Pplware- And why there are not more games oriented exclusively for women? Silicon Sisters- Games are expensive to make and publishers are very risk adverse. Publishers are making more and more conservative bets as the cost of development continues to climb to astronomical levels. This is largely why we see the emergence of the female market coming from the social and casual games space – there are fewer barriers to bringing product to market, so more companies are willing to take risks to expand the market. Are you going to produce games for all platforms? Which ones are the main objectives for Silicon Sisters? We are going to develop wherever there are female communities playing games. Right now that is largely smart phones, tablets, and Facebook. We hope to eventually develop for consoles, but we’ll see.
Pplware- How do you see the increasing acceptance of Tablets and Smartphones as gaming platforms? Are you going to invest in it? Silicon Sisters- Heavily. Our first two games, School 26 and School 26: Summer of Secrets were developed for iOS and Android, with HD versions for the iPad and Android Tablets. As mentioned above, there are many more women using and playing games on these devices than on consoles right now, so it’s a natural place for Silicon Sisters to focus.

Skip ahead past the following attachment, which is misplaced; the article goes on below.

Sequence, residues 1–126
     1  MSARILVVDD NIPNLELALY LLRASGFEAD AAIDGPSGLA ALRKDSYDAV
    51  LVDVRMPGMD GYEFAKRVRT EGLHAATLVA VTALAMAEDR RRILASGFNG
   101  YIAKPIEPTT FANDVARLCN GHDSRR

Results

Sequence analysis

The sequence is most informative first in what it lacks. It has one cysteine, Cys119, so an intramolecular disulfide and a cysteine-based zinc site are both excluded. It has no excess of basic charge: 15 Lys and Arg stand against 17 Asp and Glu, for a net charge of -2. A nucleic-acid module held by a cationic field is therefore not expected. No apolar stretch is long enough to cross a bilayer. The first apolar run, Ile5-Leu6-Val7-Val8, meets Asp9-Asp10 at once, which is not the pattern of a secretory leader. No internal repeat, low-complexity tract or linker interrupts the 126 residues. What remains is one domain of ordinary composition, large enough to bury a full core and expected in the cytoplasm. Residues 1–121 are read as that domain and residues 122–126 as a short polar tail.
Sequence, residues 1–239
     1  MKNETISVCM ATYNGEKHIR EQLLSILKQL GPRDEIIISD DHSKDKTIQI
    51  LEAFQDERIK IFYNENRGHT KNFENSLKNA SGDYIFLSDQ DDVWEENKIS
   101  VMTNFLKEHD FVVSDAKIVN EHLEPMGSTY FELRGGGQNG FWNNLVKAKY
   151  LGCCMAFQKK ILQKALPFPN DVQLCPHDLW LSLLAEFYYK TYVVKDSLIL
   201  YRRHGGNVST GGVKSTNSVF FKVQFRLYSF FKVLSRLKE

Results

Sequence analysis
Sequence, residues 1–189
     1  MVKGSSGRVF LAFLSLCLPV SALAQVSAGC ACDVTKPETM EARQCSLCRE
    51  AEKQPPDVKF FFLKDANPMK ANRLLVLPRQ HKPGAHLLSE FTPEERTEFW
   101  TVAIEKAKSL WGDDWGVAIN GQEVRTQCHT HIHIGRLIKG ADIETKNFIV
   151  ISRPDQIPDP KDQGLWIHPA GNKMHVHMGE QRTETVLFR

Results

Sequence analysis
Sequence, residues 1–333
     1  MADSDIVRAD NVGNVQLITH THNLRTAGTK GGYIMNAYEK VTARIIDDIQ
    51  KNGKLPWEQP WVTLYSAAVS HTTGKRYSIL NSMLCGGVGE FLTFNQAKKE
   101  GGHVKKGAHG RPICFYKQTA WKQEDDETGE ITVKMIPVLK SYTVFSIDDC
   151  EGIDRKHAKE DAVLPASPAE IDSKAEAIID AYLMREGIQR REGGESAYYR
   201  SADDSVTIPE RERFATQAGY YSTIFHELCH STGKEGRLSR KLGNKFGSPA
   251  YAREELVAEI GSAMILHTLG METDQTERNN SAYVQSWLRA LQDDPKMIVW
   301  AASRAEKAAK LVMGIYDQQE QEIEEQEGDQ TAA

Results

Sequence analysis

Pplware- Do you think that PCs are passing through a stationary phase, regarding games industry? Or do you think that PCs are going to be always an iconic and reliable gaming platform? Silicon Sisters- I don’t know if the PC will always be around as a gaming platform, but it’s a major one right now and a lot of women play games on PC. We’ll be bringing School 26 to PC and Mac soon.